Most rasps are around 8 "to 12" long and come in coarse, bastard, second-cut, and smooth grades. You may also see them described as either a wood rasp, a cabinet rasp, or a pattern-maker's rasp. Wood rasps are the most aggressive of these and usually come with a bastard cut in either flat or half-round profiles. Cabinet rasps are typically second-cut or smooth and also come in half-round and flat (half- round being the more common). Pattern-maker's rasps are also available in second- cut and smooth, and they generally have smaller teeth that tend to leave a smoother finish than the cabinet rasp.
One of my favorite rasps is a 4-in-hand rasp (originally called a shoe rasp). This handy tool combines four tools in one, as you've guess from the name. Its doubled-ended with a half-round shape. One end is a rasp, the other a file – you'd think they'd call it a 4-in-hand rasp / file.
Effectively, you have a half-round file, a flat file, a half-round rasp, and a flat rasp. What I like best about this tool is that both edges are "safe," or smooth. This makes the 4-in-hand rasp particularly useful when rounding-over tenons to fit into round-end mortises, like those cut by a router.
I also like how the shorter body fits nicely into my hand – and my shop apron pocket, too. My only use for this tool is light work, like fitting a joint or rounding-over tenons. If I have a lot of wood to remove or I'm working on a long or large surface, I'll pull out the appropriate standard-length file or rasp, since the short body of the 4-in-hand isadequate for this type of work.
I know quite a few woodworkers who enjoy using a rasp plane. Rasp planes are commonly referred to by their trade name, Surform (a Stanley registered trademark). Surforms come in several shapes and sizes, but all use the same cutting plate. This is a steel plate with rows of small teeth pressed into the surface. When dull the plate is discarded and a new one installed. The big advantage that this design offers over conventional rasps is that the teeth are a lot less likely to clog, since the waste can escape through the holes in the plate.
Surforms are intended for rough shaping, and they work well at this. I prefer other tools such as a draw knife or spokeshave, but my kids have always found Surforms very accessible. Each of them has spent away hours in the shop with me, reducing a square scrap into a convoluted object that when "finished" was proudly claimed to be rocket ship, doll, or doggy (although most ended up looking like hotdog buns).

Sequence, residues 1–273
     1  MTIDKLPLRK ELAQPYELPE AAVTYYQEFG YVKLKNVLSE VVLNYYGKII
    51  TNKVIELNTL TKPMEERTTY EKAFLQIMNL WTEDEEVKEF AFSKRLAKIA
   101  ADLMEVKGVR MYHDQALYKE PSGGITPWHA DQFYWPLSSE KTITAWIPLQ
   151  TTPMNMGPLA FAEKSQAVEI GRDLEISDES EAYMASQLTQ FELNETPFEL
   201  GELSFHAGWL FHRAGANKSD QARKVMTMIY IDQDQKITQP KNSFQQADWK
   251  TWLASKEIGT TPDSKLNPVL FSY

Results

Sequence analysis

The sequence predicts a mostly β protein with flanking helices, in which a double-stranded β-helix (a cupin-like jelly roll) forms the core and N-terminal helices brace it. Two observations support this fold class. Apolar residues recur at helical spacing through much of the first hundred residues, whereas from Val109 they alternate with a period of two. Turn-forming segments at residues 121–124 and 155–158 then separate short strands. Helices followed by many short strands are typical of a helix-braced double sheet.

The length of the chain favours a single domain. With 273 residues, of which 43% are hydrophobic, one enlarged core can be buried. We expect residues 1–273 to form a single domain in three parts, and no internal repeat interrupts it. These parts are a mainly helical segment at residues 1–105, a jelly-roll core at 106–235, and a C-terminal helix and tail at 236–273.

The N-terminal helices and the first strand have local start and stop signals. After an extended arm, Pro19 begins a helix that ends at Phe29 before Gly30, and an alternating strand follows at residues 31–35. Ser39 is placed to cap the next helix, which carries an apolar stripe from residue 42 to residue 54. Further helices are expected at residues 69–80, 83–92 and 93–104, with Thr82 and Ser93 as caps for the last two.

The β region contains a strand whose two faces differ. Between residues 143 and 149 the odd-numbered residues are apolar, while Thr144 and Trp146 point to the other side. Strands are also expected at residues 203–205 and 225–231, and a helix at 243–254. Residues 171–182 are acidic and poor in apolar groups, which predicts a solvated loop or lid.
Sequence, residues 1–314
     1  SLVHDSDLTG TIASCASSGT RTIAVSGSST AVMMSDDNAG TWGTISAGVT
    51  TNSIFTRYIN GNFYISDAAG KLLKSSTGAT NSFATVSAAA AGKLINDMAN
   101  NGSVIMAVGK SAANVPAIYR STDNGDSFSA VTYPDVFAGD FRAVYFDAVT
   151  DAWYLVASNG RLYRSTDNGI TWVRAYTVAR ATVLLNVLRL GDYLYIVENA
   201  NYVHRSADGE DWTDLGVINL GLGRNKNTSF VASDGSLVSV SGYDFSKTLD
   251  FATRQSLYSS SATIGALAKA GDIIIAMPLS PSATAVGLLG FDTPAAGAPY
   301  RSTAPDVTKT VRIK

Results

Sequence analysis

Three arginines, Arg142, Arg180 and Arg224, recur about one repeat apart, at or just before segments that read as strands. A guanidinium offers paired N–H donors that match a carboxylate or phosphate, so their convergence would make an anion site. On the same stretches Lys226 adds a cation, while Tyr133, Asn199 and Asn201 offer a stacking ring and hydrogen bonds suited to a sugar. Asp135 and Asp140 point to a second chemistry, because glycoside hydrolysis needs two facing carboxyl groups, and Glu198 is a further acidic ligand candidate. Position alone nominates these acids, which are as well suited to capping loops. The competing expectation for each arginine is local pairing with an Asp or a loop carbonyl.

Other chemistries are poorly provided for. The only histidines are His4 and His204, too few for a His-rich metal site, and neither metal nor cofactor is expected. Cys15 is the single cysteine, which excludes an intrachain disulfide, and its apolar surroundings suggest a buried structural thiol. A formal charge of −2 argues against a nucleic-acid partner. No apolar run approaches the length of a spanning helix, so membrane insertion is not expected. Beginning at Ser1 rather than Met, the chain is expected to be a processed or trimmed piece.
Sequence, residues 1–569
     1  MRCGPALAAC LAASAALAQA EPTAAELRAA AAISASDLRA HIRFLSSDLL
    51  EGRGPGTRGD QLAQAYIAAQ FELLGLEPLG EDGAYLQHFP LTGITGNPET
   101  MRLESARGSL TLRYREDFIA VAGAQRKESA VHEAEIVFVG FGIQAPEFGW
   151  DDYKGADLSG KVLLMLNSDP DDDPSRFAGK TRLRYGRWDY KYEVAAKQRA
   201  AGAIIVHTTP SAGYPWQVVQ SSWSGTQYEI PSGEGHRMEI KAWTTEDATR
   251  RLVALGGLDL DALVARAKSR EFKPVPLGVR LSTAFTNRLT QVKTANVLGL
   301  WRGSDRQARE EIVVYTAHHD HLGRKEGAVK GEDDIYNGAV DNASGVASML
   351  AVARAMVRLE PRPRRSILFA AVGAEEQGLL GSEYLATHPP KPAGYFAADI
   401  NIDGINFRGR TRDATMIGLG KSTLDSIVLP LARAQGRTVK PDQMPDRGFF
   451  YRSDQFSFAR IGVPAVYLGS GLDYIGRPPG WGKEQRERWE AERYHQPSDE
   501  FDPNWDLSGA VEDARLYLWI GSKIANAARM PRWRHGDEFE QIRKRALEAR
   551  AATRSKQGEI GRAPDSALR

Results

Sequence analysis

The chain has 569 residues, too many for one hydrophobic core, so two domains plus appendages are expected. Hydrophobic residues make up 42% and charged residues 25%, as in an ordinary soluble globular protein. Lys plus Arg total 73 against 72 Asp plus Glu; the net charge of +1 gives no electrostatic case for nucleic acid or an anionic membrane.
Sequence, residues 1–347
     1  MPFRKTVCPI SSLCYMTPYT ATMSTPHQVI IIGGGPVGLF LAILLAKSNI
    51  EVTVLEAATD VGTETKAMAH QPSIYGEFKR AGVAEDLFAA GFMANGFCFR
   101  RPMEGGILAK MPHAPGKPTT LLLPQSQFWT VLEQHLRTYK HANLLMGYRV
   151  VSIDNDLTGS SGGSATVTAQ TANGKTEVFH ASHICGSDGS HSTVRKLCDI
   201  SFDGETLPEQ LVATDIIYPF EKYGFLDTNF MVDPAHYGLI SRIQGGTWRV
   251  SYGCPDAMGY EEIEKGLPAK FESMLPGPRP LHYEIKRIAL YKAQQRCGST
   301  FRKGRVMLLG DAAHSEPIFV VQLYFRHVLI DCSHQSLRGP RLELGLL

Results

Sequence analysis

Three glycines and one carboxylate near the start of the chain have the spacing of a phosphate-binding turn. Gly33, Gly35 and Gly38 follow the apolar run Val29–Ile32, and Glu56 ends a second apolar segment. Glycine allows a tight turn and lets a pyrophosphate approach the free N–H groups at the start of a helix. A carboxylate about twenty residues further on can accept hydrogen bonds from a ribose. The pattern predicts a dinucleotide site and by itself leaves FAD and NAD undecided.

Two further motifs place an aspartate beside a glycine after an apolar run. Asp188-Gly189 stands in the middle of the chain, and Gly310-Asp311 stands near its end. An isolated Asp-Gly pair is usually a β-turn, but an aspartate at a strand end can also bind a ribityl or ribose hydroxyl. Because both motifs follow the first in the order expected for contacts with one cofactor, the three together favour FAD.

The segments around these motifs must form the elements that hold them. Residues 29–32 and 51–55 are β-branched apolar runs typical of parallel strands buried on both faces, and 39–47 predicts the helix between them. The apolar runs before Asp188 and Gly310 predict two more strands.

Naturally, if young kids can use one of these, Surforms are simple to operate. Hold the tool much as you would a jack plane or block plane, and use even pressure as you shape. You'll find that the tooth design allows you to cut both with and against the grain, leaving a rough surface. Once rough shaping is done, final smoothing is essential.
I was skeptical the first time I read the package on a Sandvik file I was considering purchasing. If the file was only half as good as they promised, it'd be worth the money. According to the package, here was a nifty product that would ideally replace both the files and the sandwich in my shop. Although this certainly has not happened, the Sandvik files that I've bought over the years have found a home in my tool cabinet.
Sandvik files (and other abrasive tools, like their sanding block), are all faced with a special steel plate that has a series of holes punched in the surface to replicate a variety of abrasive grits. What makes this work is that the holes are punched in the metal with great accuracy. And unlike wallpaper, which wears quickly, the sanding plates last significantly longer. When they do wear out, you can purchase a replacement plate.
Unlike standard files, Sandviks do not have to be pushed or folded in one direction. You can literally move these in any direction and they'll cut. This makes them particularly handy when working in tight quarters. The only secrets to using these are to let the sanding plate do the work, and to clean them often by rapping the tool against the side of your bench.
DIAMOND FILES / HONES
Several years ago, I was wandering around a woodworking show with a couple of dollars burning a hole in my pocket, when I saw a man demonstrating diamond hones. Seemed like a heck of an idea to me, so I bought a couple of flat pocket hones and a small set of diamond files and took them home to try. What a discovery. I use these little guys all the time for everything from tuning a plane to sharpening a router bit. I'm on my second set of paddles, and the files are still in good shape.
Diamond hones and files are basically pieces of high-grade plastic with crushed industrial-quality diamond particles bonded to the surface. Many shapes and sizes are available, and they typically come in fine, medium, and coarse grits. Without a doubt, I use the paddle-style hones the most often. There are two things that make these so great. First, since the abrasive is diamond, it lasts a long time. Second, their diminutive size allows them to access places other stones can not reach, such as the short bed of a block plane. Diamond hones and files can be used dry or else with water as a lubricant. Since I'm usually removing only a small amount of metal with one of these, a lubricant is unnecessary.
Source by Ted Willson